Gamasutra reports that legendary game designer of Ensemble Studios, Bruce Shelley will be taking part in a 50 minute lecture at the Game Developers Conference in Europe (the GDC). The lecture is targeted at developers with any expierence and the summary as per the GDC website is as follows:
Both veteran designers and students of game design sometimes struggle with the challenge of, ‘I have a great idea but I haven’t figured it all out and I don’t really know how to express it on paper.’ In this Game Design session, Bruce Shelley shares five guidelines for the challenge of producing a complete first draft game design proposal, a road map to help designers focus their thoughts and get momentum on the process of ‘getting it down.’ He covers both the game design decisions you need to have made before you’re ready to pitch an idea, and how to make that perilous journey from intuitive idea to the written word.
It is great to see Bruce actively taking part in the games industry. Bruce recently served as design advisor on Ubisoft’s Settlers 7. If you haven’t checked out Settlers 7 it might be worth having a dabble at the game demo. With Bruce Shelley involved you can be sure the first 15 minutes of the game will be very fun and engaging, one of Bruce’s design values is to have the first 15 minutes as fun as possible
The GDC takes place August 16-18th and I expect we shall hear details about what Bruce has to say on or soon after the event.
Dusty’s final interview part is now online at IncGamers. Having previously touched on MMO’s and the past at Ensemble Studios attention now turns to the future with Windstorm Studios. First up, how and why did Dusty choose to start up Windstorm? We know that Dusty was very passionate about the Halo MMO at Ensemble and must of been very saddened by the projects closure. It turns out that Dusty mooted the idea about setting up his own studio back in 2007 after Ensemble’s MMO project (codenamed “Titan”) was cancelled:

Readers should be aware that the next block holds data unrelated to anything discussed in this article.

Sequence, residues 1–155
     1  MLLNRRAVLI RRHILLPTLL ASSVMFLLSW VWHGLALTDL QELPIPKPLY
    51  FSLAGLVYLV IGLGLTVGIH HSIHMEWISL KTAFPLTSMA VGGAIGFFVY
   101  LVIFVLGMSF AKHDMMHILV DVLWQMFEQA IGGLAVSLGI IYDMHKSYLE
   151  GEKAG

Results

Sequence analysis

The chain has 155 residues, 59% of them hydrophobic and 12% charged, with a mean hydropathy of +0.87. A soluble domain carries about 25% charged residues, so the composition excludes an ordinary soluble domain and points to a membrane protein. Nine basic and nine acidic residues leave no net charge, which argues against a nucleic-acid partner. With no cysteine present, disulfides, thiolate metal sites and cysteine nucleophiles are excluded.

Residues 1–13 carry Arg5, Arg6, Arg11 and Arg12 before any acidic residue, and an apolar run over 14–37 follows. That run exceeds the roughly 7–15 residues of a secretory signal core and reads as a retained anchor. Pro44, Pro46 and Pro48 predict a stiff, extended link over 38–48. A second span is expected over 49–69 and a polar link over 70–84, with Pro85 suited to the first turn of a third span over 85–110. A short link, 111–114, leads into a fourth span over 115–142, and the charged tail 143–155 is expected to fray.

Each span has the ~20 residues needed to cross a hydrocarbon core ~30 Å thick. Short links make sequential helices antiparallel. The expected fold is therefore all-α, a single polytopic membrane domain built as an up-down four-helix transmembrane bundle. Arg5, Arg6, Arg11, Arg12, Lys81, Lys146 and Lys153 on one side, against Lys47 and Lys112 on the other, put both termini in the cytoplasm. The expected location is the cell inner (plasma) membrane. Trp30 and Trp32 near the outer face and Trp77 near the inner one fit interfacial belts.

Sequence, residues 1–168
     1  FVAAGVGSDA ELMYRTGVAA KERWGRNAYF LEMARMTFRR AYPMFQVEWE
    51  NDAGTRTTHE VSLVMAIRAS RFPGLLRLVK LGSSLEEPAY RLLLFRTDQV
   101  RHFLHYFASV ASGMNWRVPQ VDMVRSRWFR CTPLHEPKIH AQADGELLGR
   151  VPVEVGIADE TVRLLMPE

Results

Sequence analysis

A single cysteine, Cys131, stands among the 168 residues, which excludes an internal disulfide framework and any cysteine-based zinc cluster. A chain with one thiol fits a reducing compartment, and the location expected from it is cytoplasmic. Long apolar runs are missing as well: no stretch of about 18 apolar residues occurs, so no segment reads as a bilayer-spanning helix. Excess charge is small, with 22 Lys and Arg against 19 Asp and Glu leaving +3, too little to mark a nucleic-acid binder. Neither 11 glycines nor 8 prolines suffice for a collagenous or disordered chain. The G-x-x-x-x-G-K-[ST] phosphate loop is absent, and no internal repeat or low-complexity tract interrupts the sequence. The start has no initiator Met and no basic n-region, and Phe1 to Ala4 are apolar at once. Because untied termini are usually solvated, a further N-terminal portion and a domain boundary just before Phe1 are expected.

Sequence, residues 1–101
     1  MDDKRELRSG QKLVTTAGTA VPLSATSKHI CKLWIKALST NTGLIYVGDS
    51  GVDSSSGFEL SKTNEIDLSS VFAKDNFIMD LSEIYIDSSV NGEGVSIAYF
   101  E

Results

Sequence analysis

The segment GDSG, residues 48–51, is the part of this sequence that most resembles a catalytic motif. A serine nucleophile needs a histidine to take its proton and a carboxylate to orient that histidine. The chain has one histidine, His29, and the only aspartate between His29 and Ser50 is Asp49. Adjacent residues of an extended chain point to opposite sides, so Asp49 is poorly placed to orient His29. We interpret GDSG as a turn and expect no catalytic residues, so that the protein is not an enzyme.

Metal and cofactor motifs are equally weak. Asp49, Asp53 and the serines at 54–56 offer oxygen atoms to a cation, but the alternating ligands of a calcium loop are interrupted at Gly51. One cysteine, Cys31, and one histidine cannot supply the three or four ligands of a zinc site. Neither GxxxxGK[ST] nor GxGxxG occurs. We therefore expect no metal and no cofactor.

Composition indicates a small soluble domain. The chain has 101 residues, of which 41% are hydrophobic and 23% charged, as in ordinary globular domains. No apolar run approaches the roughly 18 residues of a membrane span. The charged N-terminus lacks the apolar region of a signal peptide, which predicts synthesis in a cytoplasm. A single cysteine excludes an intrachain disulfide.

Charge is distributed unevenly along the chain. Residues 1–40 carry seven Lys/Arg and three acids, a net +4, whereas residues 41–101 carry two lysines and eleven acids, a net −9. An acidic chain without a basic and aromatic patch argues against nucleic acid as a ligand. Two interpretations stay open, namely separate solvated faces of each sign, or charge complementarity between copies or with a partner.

Titan, for me, was really the dream job. When they killed Titan, I started looking at what Ensemble was probably going to be working on next. I’d already been saving up some money on my own, thinking about starting up a studio, and I decided then that now was the time. It’s never easy to jump ship and go off and do things on your own – you never know how it’s going to do. It’s especially hard if you’re married and you have children and you’re looking at the difference between a secure job, with benefits and with a paycheck, versus a completely and totally unsecure job creating a company that’s building the most expensive kind of game you can build, in an industry hit by the hardest recession that it’s ever experienced! So, yeah, it wasn’t a great time from an economic standpoint, but from a personal standpoint it was the right time for me. I’d just decided that with the severance money from Microsoft combined with my own savings, I had enough money to be able to float myself for a couple of years. I knew the games that I wanted to build, so I decided now was the time to go forward with that.
Once the studio was set up Dusty and his studio immediately began work on some MMO prototypes before creating some excellent concept art and presentations to show for prospective game publishers. Unfortunately as discussed before there was some difficulty getting publisher commitment despite getting unanimous positive feedback about the game and the ideas. The problem is with the MMO genre is that the game development is very costly both at the beginning and in the games maintenance – servers, payments etc. Even though Dusty has come from working at a prestigious studio, Ensemble, publishers had difficulty in gauging what kind of company Windstorm was: